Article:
I faced the same problem with my late 2011 MacBook Pro 15". After checking several possibilities (bad RAM, firmware, corrupt OS, etc) I ended up concluding that I have a malfunctioning discrete video card (AMD Radeon HD 6750M). The integrated card (Intel HD Graphics 3000) seems to be okay. After the boot process is concluded, it is possible to force the use of the integrated card using the software gfxCardStatus (http://gfx.io/). However, I could not find a way to force the use of the integrated video card during the boot process. I managed to find that the boot process can be finished after leaving the blank screen on for about 15 or even 30 minutes, powering the computer off, and turning it on again. I am still learning about the problem... Anyway, it seems to be possible to replace the discrete video card without replacing the logic board. Good luck, Hani

  • 2
    Is it possible to remove the discrete video card at all? I want it to work using integrated only.
    – Dmitriy
    Commented Nov 19, 2013 at 7:19

Its been about seven months since my card went bad. Since then I have done 3 solder reflows using a hot air gun. Those fixes last for about a month. What I really end up doing is pray it actually progresses past the bootscreen, which it sometimes does after 30 restarts. I then run gfxCardStatus (http://gfx.io/) then ensure not to restart. I had 45days uptime recently until a usb short forced me to reboot. It failed, I turned it off for about six hours, tried again and it booted. I have been up 13days since running on the internal intel card.


Do not do a solder reflow if you plan to get the logic board replaced at an apple store. They wont want to accept a modified system, and TEKSERVE in New York was charging me over $1000 for the logic board which is more expensive than a second hand MBP on Ebay.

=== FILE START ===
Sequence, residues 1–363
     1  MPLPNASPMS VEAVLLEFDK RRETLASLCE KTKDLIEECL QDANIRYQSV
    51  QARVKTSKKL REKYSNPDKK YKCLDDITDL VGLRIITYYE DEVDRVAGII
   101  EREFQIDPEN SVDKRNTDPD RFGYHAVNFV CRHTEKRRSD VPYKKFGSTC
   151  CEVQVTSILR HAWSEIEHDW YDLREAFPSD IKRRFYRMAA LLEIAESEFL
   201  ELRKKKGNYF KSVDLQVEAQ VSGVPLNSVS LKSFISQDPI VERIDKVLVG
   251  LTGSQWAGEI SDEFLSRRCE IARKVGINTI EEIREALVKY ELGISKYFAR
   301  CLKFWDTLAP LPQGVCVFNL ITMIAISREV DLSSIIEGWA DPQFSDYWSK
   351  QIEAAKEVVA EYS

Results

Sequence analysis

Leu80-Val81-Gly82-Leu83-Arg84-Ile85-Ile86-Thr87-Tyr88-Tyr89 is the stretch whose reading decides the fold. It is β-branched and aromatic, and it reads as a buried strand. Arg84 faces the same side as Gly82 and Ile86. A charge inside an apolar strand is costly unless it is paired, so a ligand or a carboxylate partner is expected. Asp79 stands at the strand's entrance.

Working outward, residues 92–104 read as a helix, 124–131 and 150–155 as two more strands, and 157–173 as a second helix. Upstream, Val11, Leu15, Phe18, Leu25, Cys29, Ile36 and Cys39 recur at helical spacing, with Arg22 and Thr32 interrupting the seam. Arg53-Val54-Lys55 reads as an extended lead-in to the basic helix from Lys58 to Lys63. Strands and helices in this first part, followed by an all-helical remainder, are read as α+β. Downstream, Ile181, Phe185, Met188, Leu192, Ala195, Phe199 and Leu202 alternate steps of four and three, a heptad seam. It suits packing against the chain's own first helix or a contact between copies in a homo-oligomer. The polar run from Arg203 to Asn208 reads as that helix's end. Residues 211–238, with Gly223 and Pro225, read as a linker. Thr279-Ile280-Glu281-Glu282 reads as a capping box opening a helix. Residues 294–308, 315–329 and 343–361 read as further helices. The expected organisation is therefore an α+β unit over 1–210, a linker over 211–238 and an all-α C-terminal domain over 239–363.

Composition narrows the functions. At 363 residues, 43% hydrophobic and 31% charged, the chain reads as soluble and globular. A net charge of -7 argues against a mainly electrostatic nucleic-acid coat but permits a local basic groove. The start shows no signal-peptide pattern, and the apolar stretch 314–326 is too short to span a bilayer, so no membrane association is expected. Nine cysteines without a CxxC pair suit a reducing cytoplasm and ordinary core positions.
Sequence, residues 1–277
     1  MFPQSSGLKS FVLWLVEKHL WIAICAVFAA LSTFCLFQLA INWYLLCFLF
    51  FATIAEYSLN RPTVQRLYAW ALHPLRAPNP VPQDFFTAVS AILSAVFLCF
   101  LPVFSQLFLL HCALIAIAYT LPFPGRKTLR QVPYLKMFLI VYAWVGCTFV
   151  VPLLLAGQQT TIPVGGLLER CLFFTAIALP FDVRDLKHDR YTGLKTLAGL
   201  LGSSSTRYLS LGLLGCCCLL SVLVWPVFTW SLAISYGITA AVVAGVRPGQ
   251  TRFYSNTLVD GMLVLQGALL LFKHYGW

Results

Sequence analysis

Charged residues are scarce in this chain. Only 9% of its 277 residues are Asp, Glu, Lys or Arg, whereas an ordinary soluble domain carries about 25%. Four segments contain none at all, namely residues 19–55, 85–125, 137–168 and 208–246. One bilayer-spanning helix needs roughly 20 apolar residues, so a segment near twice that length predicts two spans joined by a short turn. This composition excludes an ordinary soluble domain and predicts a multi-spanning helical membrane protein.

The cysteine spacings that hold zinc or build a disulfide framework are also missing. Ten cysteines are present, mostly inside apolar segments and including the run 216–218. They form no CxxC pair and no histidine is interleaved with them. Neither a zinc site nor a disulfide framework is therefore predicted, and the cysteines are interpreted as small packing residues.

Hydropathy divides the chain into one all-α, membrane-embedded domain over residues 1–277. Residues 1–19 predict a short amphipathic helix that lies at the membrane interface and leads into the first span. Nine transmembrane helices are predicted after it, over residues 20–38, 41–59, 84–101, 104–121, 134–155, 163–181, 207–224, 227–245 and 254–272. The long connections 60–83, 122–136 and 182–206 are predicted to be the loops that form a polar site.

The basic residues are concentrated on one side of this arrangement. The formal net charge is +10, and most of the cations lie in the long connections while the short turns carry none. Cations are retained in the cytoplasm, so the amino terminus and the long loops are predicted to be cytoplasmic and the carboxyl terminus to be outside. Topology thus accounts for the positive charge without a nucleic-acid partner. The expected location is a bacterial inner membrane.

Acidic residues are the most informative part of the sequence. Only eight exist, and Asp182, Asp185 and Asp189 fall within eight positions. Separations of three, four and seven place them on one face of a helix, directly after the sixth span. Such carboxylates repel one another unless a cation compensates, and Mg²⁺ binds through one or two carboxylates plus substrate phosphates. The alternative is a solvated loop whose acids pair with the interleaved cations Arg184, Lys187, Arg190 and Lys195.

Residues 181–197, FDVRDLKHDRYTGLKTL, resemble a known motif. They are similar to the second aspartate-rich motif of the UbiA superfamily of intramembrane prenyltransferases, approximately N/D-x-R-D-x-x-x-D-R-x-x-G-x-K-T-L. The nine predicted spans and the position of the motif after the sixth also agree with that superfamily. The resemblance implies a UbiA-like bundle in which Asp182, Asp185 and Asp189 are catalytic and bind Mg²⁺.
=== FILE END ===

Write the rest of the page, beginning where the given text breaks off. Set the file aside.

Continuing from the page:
• 7 reflows latr and still going :-) :-(
    – frazras
    Commented Oct 18, 2013 at 17:49
  • so how is your macbook going? Do you remove logic board to do solder reflow with heat gun? And how do you do it?
    – Dmitriy
    Commented Apr 9, 2014 at 19:30
  • 1
    I am on the fifth month of my last solder reflow, I used Artic Silver heat compound this time and it did wonders, it even stood up to mining crypto currencies :-) I have to completely remove my logic board and wrap it in aluminum foil (except for the graphics chip). I then apply heat from a hot air gun (bought on amazon) for about 5 mins or more. Use the arctic silver to reconnect the heat sinks then you are good to go
    – frazras
    Commented Apr 21, 2014 at 15:01
  • So you must have also bought a set of screwdrivers for macbook pro? I've looked at tutorials about removing the logic board, it's looks pretty complex and time consuming. What temperature is your heat gun outputting?
    – Dmitriy
    Commented Apr 21, 2014 at 19:05
  • Yes I bought the t5, t6 and mini phillips screwdrivers, after 6 months I had to reflow again(6th time) and this time it took 1 hour and 15 minutes from shutdown to restart. The actual reflow process took 5 minutes. cleaning off the old heat compound took the longest :-P My heatgun (which I bought so I wouldn't spend $1000 on a logic board) goes from 100 to 380ºC I do : 1 minute 100C, 1 minute 200C, 30s 300C, 30s 380C, then cool @ 30s 300C, 30s 200C and 1minute back at 100ºC I made it up but I read somewhere that that kinda how its done at the factory, progressive heating and cooling, GOODLUCK!